Author :
Eleanor Putnam-Farr, Assistant Professor of Marketing, Jones Graduate School of Business at Rice University
Category :

Boulder strengthens rules against plastic bags – but do bans and fines actually reduce waste?

Environment + Energy – The Conversation Read More [[{“value”:”

Boulder, Colorado, passed stricter regulations against plastic bags at the beginning of 2024, banning them from all retail stores. The tougher rule builds on a 2013 local law that banned plastic bags from grocery stores and began charging shoppers 10 cents for every paper bag they required at checkout. The new law, part of the state’s Plastic Pollution Reduction Act, also prohibits restaurants and retail food establishments from using Styrofoam takeout containers.

The Conversation interviewed Eleanor Putnam-Farr, an assistant professor of marketing at Rice University and co-author of “Forgot Your Bottle or Bag Again? How Well-Placed Reminder Cues Can Help Consumers Build Sustainable Habits,” about the challenges of changing people’s behavior – even when their intentions are good.

How popular are plastic bag bans and taxes?

Laws like Boulder’s are popular. Twelve states, plus Puerto Rico, and more than 300 municipalities, including Philadelphia, have banned plastic bag use by consumers. Charging a fee for bags is less common, but rules like this are in effect in Washington; Honolulu, Hawaii; Santa Fe, New Mexico; and other U.S. cities.

And these types of regulations aren’t limited to the U.S. Many other countries are also cracking down on plastic bag use, including China, Namibia and Portugal.

Cities and towns have tried a lot of strategies, from educating consumers to banning the use of bags or just nudging them to do the right thing by imposing small fees. Nudges leave the choice up to the consumer and are often more palatable than outright bans.

Do bans and taxes divert waste from landfills?

Many cities have reported decreases in plastic bag use after imposing plastic bag bans and fees, but the effects may be small.

In a study on the efficacy of a bag fee implemented in Toronto, researchers found a 3.4% increase in the use of reusable bags, mostly among higher-income customers.

But even a small reduction is progress, right?

Maybe. Research on parents who were assessed fees when they picked up their children late at 10 different day care centers found that small charges actually led to a big increase in tardy parents – who apparently felt they were paying for the right to be late.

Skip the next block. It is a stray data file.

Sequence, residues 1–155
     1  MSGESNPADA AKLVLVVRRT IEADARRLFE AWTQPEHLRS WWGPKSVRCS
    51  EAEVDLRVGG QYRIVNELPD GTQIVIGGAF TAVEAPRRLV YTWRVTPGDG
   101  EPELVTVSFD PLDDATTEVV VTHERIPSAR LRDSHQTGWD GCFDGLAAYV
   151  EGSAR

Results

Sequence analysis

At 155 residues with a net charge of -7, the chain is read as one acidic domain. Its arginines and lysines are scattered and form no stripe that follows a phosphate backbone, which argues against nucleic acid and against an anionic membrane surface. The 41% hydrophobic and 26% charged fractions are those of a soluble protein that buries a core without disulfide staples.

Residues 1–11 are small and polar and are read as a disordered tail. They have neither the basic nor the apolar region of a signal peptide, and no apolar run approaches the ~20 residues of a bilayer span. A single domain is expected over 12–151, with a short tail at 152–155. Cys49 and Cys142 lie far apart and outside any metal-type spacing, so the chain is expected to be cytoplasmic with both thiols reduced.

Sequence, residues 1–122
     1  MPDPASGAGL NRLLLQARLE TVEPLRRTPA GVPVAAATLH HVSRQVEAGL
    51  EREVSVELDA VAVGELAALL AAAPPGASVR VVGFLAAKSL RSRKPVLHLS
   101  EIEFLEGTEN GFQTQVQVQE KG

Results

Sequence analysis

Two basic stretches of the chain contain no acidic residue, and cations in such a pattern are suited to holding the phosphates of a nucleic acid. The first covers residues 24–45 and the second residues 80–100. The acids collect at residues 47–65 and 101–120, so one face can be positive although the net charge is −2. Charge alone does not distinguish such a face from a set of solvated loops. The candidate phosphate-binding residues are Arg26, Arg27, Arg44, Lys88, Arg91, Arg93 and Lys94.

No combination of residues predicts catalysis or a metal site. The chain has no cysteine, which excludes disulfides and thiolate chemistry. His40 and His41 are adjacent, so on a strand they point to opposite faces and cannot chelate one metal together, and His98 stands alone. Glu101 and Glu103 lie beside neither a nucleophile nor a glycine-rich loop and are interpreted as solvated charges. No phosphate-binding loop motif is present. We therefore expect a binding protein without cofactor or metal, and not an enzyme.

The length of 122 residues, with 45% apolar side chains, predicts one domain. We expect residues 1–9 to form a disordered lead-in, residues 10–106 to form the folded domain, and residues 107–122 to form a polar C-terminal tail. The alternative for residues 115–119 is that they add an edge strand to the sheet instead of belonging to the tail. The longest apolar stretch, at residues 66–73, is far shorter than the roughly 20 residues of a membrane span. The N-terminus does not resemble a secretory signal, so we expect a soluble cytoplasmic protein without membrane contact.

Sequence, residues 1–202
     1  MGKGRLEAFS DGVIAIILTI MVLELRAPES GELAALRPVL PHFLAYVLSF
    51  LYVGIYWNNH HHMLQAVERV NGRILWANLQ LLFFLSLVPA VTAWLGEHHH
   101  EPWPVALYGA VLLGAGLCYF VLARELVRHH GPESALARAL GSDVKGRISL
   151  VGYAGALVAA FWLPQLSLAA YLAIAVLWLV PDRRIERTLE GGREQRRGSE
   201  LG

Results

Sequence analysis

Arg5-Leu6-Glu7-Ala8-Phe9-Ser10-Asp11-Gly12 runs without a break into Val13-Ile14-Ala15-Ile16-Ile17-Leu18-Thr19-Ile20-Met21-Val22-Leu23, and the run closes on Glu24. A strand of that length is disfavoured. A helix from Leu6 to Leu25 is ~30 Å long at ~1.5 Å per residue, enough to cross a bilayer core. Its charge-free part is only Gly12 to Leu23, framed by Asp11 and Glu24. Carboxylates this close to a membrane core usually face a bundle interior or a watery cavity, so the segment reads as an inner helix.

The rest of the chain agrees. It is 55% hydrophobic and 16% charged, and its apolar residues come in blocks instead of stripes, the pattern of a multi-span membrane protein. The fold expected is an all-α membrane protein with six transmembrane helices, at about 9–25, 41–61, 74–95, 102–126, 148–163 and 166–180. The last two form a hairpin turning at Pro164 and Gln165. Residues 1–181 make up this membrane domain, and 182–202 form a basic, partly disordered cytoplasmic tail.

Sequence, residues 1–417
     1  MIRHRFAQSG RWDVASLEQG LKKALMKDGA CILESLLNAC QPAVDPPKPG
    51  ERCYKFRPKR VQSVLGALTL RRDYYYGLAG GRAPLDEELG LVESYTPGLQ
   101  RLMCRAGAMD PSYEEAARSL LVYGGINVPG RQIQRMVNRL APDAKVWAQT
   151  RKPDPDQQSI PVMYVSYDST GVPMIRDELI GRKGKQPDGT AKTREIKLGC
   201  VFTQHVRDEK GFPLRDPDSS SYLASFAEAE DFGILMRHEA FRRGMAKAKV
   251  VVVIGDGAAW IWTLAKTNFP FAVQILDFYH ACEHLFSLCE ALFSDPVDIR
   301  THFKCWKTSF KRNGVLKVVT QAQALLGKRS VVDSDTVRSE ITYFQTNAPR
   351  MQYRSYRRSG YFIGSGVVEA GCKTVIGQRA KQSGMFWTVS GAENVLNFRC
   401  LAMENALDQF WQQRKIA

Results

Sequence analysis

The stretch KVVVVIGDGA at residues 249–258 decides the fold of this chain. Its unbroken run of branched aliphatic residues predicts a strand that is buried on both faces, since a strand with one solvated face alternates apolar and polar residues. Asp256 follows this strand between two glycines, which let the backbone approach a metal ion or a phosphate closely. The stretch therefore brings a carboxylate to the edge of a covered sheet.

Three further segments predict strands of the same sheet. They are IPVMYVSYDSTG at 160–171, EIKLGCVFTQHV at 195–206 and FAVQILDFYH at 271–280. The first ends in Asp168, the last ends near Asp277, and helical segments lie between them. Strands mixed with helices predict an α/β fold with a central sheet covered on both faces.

Boulder may be fighting the same sort of complacency. Disposable bag fees collected from 2013 through 2022 fluctuated slightly year to year, but increased more often than not – suggesting that people are buying more bags, not fewer. Earning 6 cents for every bag sold – the stores keep the rest – Boulder brought in US$243,507 in tax revenue in 2021 and $248,518 in 2022.

San Francisco was the first city in the United States to ban plastic bags at checkout in 2007.
David Paul Morris/Getty Images

Why don’t more consumers use reusable bags?

Consumers stick to plastic bags for many reasons, including convenience. Research on farmers market shoppers in Ohio suggests accidentally leaving reusable bags in their cars or at home is an obstacle, and some consumers prefer plastic bags because they reuse them for trash and pet waste. But researchers from Chile, which enacted a complete ban on plastic bags in 2019, found that people there at first weren’t committed to reusable bags. Consumers in Chile felt pressured to change their behavior, and guilty when they didn’t comply. They also felt like 100% of the burden of sustainability was forced on them, all of which undermined the goal of the ban.

What does work to encourage consumers to use reusable bags?

The most important thing is to understand that most people don’t set out to use more plastic. So the best solutions help consumers achieve their goals and make access to reusable bags easier. The key is to determine the biggest impediment to shoppers bringing reusable bags.

In our research about reusable bottles, my colleagues at the Yale Center for Customer Insights and at Google knew that most employees of the office site had reusable bottles but forgot to bring them to the water stations to refill them. Instead of banning plastic cups or disposable bottles, we created reminders and placed them near the workers’ desks. These reminders helped people behave the way they wanted to behave and had the added benefit of making the people feel good about the overall process, which can be its own reward.

The same can work for reusable bags even without imposing bans or fines. If people don’t have reusable bags, make them available. If people are forgetting their bags in the cars, create reminders in the parking lot. If people are leaving their bags at home, supply bag hooks they can place near their doors. These create easy visual reminders to grab the shopping bags on their way out of the house.

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